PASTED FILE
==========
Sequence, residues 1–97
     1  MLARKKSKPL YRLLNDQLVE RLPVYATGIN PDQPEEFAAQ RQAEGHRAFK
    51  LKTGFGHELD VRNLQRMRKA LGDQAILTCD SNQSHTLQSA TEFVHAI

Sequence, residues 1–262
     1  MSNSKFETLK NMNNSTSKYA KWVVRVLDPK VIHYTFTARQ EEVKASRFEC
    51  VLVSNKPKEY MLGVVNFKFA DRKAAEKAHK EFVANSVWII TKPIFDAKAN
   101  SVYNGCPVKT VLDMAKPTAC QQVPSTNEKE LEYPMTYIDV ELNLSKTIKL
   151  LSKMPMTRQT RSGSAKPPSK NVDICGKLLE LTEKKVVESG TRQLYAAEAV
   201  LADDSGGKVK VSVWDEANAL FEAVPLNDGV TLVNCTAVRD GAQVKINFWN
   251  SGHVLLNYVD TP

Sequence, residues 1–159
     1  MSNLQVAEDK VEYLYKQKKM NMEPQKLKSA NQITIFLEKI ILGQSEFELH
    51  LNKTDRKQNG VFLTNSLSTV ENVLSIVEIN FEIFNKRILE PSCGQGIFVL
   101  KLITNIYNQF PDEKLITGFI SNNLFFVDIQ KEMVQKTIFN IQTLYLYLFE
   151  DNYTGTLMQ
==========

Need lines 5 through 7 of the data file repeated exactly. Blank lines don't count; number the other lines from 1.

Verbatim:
     1  MSNSKFETLK NMNNSTSKYA KWVVRVLDPK VIHYTFTARQ EEVKASRFEC
    51  VLVSNKPKEY MLGVVNFKFA DRKAAEKAHK EFVANSVWII TKPIFDAKAN
   101  SVYNGCPVKT VLDMAKPTAC QQVPSTNEKE LEYPMTYIDV ELNLSKTIKL